Reviews are part of the organism of creative endeavour. (For the purposes of the rest of this article, I shall limit my references to just literature, rather than resort to finding various terms to describe creative pursuits in general, all of which will be unsatisfactory, being either too all-embracing for some and too miserly in its embrace for others). They have purpose - and, if we are lucky, value - for both author and reader. They are the reader's assayer and the author's sounding board. And the reviewer who acts as neither is letting the side down. Which is precisely the point that prompted this article for the review I received seemed to be neither use nor ornament to anyone.

But then, I found myself questioning whether any of this mattered. Do we need reviewers, at least those of the old-fashioned professional, expert type? Publishing is in a state of transformation. Perhaps writing itself is. The number of titles published each year is staggering and a great number of them are by authors who self-publish. And all of them have the same basic need: to be noticed. And readers, the consumers of this huge grab-bag of literature, naturally want to open the poke and see the pig before they buy.

Mainstream reviewers shun self-published books. They shun most traditionally published books, for that matter, overwhelmed by the volume that lands on their desk and deafened by the voices clamouring for attention. And for the most part, mainstream reviewers come across as the literary equivalent of Choice magazine, rather than wielders of Mars-Jones’s restorative scalpel. I understand why they do so and the pressures that operate on them. It would take a bold and brave literary editor of a mainstream newspaper or magazine to eschew the familiar and seek out the new and unknown. There is no reason to believe that bravery is any more common among Arts editors than among the general public.

Publishers also bombard bloggers and those with the largest following are becoming as difficult to access as reviewers. There are marketing experts waiting to pounce on the self-published authors the moment they appear on Twitter or Facebook, offering expertise noticeably bereft of wisdom, and all offering the same advice and strategy, albeit with the order changed. Amazon reviews have become so devalued that they are more like a show of hands for approval than reviews for guidance.

As the publishing model evolves, perhaps reviewers will become outsourced, fee-for-service providers, along with editors, cover designers and format converters. Will we see CreateView alongside CreateSpace, offering ‘independent’ third-party reviews?  I can only shudder at the consequence if that happens.

Will the web space return us to the days - days a very long time past - when reviews grew from public discussion and response? Are the bloggers and those who comment on their blogs the true reviewers of the future? Have they made traditional reviewing irrelevant, as some claim? It is interesting to note that among the incessant, shrill cries that traditional publishing is dead and that traditional publishers (pejoratively termed legacy publishers, as if they are forlorn burdens from an unenlightened past) are dinosaurs who must adopt a new business model in order to evolve into useful beings, there are few asking whether the reviewing model is equally out-dated.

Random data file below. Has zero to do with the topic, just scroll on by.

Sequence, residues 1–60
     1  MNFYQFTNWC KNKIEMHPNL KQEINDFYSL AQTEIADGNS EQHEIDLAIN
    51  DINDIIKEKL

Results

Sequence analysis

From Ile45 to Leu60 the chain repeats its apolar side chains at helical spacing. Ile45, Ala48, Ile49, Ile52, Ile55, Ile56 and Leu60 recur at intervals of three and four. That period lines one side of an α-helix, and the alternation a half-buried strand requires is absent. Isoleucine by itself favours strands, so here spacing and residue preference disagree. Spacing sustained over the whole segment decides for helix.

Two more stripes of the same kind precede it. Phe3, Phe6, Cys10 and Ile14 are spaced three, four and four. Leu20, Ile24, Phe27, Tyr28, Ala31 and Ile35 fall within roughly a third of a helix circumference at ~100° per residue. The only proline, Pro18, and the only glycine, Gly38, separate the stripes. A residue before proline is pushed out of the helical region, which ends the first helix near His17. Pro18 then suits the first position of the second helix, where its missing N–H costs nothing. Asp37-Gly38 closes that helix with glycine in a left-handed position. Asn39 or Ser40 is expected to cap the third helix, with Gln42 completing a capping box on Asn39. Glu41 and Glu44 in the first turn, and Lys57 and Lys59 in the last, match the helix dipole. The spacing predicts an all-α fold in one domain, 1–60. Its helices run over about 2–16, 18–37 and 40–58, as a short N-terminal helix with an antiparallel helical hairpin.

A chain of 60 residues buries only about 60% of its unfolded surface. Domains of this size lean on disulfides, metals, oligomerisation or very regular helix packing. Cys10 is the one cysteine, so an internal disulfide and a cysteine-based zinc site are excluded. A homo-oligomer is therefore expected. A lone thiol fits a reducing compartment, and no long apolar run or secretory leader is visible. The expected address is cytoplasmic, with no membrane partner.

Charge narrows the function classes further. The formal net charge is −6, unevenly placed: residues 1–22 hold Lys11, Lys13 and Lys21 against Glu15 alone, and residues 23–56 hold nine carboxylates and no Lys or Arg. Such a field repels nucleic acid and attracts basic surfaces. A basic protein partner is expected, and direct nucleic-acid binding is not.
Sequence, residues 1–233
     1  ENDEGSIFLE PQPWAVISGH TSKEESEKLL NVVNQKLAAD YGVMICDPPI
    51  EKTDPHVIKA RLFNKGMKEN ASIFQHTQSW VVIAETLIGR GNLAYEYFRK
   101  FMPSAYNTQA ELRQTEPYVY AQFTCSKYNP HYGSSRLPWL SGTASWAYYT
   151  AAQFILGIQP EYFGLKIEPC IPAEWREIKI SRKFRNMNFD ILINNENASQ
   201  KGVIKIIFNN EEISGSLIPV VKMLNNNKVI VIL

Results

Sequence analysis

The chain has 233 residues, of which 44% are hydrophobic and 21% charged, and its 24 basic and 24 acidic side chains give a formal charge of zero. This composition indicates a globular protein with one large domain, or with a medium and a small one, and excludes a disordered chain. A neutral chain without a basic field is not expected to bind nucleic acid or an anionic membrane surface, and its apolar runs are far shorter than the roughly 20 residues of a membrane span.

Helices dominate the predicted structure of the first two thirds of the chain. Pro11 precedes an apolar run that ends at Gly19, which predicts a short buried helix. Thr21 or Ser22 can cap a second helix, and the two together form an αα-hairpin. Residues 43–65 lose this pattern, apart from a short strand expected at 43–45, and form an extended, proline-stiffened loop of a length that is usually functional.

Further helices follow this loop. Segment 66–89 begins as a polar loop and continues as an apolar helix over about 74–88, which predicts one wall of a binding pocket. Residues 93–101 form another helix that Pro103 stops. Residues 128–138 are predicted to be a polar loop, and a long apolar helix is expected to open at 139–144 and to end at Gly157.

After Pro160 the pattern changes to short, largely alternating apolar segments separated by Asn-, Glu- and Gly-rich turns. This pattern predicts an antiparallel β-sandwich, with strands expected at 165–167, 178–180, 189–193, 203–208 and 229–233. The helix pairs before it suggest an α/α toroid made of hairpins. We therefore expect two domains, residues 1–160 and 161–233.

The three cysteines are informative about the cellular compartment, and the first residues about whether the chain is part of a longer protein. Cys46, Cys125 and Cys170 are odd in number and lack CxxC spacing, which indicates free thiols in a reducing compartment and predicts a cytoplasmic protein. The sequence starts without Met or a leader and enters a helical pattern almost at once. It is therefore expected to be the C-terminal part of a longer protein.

The glib response is the answer to the questions in the previous paragraphs. That is, that "Yes, book bloggers have made legacy reviewers redundant". It's a glib and superficial response, though, because looking at change and calling it the future is hardly an assessment. We need to understand what that change means and how we should manage it. Mcluhan was right when he claimed that first we shape our tools and thereafter our tools shape us but the really important part of that is that it is a reiterative process. In order for us to shape the tools to come, we have to manage and understand the tools previously wrought. And what happens when that subsequent shaping is a reversion to a previous state? If print technology gave us linear thinking, has the web, with its complex inter-connectivity, delineated our way of thinking? Is cyber-life a reversion to a cacophonous forum of opinion?

It can seem so. For every one quality book blogger there are hundreds of negligible value, readers with opinions; which is not what defines a reviewer.

It seems to me that we are in greater need of reviewers than ever before. But good ones, who are not just passionate, though often indiscriminate, devourers of a genre or a style; who are not bland and formulaic, afraid to dip more than their toe in the water lest the pool prove too deep. Reviewers need to be informed and opinionated but held accountable for their quality not their opinions. Like writers, reviewers are readers, too. Unlike writers, though, reviewers  have to play to the market. The market creates their purpose. That doesn’t mean they have to pander to it; just be true to their purpose.

I have no idea whether what Kirkus provided to me is of the same standard they provide to others who are compelled to pay either because they are self-published or because they need post-publication attention. I did send an email expressing my disapproval, perhaps in stronger terms than I should have, but no one deigned to reply.  I do know that I would have preferred a hatchet job to lazy praise. We need reviewers but we need them to rise above mediocrity. If Kirkus wants to be in this space, they really need to do better.




For Alan Skinner's twitter account, please click here.